For work we required the use of a VPN for a number of Mac OS X laptops to an OpenBSD 5.6 router. I have a strong preference to use the base tools available on every install of OpenBSD and Mac OS X, so I choose to configure L2TP using npppd(8) over IPSec with pre-shared keys, using isakmpd(8) with an ipsec.conf(5).
Enabling the needed services
Add the following to your
/etc/rc.conf.local file to enable
isakmpd(8), loading of
ipsec.conf(5) and to enable
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isakmpd has changed over time from using isakmpd.conf(5) to the much easier understandable
ipsec.conf(5). The contents for a setup with Mac OS X clients are pretty simple for OpenBSD 5.6 and 5.7:
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Save it in
/etc/ipsec.conf and be sure to replace
YOUR_IP_ADDRESS with your ip address and
YOUR_SECRET_KEY with a long and safe password.
Starting from OpenBSD 5.8, the defaults will change from using
modp3072, so your configuration file will need to be explicit about some more values in order to allow Mac OS X clients to connect:
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/etc/rc.d/isakmpd start and load the
ipsec.conf(5) settings into it by running
ipsecctl -f /etc/ipsec.conf afterwards. Remember to reload the settings like that every time you restart the daemon, otherwise it will not use them.
Next up: configuring
npppd(8) with static users and passwords.
First make sure the kernel allowes pipex(4) frames to be used by changing the sysctl value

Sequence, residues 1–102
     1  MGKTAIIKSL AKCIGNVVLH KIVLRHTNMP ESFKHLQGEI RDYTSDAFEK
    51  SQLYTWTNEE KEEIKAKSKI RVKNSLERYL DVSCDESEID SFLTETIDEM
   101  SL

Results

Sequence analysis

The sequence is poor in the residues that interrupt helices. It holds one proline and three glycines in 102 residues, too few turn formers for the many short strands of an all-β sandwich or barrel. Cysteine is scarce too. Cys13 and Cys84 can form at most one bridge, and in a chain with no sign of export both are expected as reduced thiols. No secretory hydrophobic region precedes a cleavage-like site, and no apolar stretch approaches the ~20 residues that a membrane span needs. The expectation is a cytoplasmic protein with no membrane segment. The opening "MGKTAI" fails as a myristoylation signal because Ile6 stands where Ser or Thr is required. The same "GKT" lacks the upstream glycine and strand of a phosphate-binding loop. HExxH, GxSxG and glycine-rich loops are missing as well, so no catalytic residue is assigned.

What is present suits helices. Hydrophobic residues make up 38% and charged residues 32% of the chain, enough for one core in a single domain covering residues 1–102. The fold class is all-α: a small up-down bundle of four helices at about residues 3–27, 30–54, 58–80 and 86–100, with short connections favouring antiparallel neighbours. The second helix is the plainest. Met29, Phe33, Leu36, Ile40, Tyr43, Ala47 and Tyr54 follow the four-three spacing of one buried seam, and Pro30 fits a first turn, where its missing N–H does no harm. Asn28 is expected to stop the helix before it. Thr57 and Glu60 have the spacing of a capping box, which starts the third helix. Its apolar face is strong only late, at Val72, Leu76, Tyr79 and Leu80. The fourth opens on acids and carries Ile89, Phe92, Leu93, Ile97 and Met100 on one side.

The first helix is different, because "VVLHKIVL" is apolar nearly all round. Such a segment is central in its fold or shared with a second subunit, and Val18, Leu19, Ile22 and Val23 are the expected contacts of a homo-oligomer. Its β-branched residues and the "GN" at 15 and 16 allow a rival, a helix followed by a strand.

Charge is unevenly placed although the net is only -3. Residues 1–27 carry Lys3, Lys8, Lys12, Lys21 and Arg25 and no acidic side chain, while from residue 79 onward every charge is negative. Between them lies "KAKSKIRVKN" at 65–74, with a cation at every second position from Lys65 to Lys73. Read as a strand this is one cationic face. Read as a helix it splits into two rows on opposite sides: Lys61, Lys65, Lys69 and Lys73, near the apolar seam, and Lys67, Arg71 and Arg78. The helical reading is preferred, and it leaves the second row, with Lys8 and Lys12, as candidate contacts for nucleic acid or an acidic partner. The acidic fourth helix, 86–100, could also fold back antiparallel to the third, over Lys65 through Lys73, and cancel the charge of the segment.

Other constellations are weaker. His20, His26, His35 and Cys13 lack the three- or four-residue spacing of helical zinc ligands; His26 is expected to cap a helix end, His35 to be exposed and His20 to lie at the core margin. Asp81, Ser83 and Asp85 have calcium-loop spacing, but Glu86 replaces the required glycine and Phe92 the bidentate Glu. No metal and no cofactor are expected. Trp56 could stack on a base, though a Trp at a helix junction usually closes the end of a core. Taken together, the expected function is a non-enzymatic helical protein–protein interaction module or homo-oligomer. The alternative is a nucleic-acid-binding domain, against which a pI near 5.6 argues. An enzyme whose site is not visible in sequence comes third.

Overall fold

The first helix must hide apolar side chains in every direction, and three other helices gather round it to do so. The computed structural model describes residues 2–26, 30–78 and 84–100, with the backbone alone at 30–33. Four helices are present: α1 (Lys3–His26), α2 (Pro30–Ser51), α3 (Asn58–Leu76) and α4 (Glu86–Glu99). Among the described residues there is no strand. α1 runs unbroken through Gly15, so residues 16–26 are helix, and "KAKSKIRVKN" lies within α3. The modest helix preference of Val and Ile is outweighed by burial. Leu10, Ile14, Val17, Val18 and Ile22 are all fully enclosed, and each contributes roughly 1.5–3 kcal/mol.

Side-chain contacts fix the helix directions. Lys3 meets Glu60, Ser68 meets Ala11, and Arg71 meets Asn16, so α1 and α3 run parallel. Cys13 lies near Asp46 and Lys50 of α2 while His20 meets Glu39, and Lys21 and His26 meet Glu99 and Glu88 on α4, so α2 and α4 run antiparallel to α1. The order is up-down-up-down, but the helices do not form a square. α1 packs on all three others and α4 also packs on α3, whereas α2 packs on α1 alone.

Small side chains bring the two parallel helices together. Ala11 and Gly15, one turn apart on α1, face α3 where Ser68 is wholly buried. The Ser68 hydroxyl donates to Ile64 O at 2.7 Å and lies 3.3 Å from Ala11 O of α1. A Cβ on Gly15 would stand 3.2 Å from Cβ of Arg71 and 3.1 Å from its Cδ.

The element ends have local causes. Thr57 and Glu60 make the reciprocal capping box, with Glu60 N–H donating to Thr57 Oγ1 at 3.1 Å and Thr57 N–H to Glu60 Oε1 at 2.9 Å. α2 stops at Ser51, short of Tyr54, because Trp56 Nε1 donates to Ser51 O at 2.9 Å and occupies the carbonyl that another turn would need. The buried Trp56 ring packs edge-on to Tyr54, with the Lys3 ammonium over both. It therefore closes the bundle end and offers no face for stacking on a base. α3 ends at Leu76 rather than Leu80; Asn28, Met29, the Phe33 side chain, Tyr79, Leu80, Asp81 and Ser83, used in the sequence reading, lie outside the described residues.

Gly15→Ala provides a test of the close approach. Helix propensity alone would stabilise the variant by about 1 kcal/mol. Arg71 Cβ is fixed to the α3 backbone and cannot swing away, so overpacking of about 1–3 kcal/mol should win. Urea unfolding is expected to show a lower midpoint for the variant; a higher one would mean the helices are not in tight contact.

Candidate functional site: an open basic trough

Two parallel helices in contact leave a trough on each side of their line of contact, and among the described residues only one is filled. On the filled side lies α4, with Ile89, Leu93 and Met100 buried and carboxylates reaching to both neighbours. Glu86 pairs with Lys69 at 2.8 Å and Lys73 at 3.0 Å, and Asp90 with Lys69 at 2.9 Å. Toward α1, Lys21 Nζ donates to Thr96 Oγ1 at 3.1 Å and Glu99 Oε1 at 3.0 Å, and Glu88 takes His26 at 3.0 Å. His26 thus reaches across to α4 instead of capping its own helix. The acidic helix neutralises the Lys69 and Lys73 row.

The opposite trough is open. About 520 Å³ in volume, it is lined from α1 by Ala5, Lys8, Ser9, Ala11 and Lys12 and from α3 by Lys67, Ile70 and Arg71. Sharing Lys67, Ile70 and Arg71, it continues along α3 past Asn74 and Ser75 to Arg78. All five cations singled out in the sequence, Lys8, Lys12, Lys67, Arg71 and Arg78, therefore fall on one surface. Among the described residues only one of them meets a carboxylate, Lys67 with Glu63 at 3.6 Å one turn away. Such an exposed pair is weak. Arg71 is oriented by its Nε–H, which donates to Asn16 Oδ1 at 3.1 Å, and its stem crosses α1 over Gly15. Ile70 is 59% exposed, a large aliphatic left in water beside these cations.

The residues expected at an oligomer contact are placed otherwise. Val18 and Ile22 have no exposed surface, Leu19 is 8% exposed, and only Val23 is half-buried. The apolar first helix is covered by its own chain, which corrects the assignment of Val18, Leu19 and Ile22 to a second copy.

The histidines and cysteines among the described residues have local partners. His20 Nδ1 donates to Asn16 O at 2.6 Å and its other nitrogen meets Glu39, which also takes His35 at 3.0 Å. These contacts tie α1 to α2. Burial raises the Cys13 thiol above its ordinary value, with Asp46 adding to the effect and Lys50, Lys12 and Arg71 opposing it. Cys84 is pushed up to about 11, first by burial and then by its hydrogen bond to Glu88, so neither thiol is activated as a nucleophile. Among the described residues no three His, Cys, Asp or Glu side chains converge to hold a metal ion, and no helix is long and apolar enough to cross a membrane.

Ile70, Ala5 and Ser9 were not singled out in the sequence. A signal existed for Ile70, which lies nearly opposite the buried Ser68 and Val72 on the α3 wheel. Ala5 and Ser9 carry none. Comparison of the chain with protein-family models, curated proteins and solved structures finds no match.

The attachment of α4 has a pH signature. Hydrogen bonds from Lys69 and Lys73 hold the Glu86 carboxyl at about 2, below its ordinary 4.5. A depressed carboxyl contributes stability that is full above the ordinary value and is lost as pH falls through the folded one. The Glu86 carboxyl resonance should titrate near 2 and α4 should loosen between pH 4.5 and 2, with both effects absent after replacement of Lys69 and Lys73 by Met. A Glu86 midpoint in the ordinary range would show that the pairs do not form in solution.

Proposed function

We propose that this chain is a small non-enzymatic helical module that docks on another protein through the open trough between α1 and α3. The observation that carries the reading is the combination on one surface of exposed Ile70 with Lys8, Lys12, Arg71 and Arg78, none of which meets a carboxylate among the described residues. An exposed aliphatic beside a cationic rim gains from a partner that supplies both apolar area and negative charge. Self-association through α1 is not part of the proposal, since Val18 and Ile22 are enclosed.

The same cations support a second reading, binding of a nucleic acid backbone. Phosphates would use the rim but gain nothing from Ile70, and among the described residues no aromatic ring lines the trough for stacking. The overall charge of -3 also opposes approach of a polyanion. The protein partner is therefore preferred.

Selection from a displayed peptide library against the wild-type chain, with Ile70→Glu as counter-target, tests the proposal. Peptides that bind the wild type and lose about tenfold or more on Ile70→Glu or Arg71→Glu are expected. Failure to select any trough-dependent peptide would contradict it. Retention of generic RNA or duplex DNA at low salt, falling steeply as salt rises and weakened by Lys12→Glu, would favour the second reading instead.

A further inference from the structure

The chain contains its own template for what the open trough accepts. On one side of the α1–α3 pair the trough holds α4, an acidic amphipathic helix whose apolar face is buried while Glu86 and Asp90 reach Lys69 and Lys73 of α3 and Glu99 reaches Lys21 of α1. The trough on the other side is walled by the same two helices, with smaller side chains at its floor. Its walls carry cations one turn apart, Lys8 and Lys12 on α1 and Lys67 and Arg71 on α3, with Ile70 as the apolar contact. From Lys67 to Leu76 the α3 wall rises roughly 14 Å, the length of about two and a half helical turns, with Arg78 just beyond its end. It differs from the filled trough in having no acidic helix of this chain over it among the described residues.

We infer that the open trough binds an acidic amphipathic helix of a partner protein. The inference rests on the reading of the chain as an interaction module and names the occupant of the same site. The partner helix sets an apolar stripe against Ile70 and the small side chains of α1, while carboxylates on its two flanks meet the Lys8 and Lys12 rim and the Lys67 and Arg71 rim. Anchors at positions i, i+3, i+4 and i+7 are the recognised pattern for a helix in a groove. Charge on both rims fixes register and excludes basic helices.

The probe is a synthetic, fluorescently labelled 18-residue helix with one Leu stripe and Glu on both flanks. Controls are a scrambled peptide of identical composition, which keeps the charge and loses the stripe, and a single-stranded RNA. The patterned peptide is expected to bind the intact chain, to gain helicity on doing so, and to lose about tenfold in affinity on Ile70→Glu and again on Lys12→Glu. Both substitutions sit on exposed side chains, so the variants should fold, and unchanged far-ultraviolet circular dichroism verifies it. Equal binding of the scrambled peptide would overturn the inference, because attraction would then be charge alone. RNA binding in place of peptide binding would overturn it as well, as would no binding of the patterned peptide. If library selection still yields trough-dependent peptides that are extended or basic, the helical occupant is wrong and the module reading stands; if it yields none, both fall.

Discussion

/etc/sysctl.conf to do this on every boot. Now we need to edit
npppd-users(5) and add lines like this:
Replace YOUR_USER_NAME and YOUR_USER_PASSWORD with appropriate values and don’t forget to add that last
: after the password. Save this file in
/etc/npppd/npppd-users and start npppd with
You can customize npppd.conf(5) but the defaults are fine for me: they allow users with static passwords and will hand out ip addresses in the 10.0.0.0/24 range.
Finally we need to reconfigure pf(4) in order to allow forwarding of the needed packets. I used the lines below to allow IPSec connections on $ext_if2 and give them outgoing internet access over the same device.
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Note that we specify rules over the
pppx interface group. Every user that connects will create a virtual
pppx interface like
pppx1. It would be impossible to write seperate entries for them all, so we can specify rules for all these interfaces using the interface group.
Configuring the Mac OS X clients
Go to “Network Preferences” and click on the plus button on the left bottom corner.
Choose “VPN”, “L2TP over IPSec” and give it a recognizable name.
Now enter the ip address that you added in
ipsec.conf(5) in the “Server Address” field and the username you added in
npppd-users(5) in the “Account Name” field.
Click “Authentication Settings” and fill in the
npppd-users(5) password in the “Password” field and the psk value of your
ipsec.conf(5) in the “Shared Secrect” field. Press OK to close the “Authentication Settings”.
Finally go to “Advanced” and check “Send all traffic over VPN connection” to avoid having to configure your ip routes on every new connect attempt.
Apply the settings and hit connect!
This should give you two progress bars like in the screen shot above. When any traffic is passed or received they will fill with green. Pretty handy when debugging when something is not working.
Using tools available by default on OpenBSD and the Mac OS X clients we’ve setup a VPN that allows the travelling Mac OS X clients to connect to their office network to share files over Airdrop, print documents for colleagues and browse the internet securely.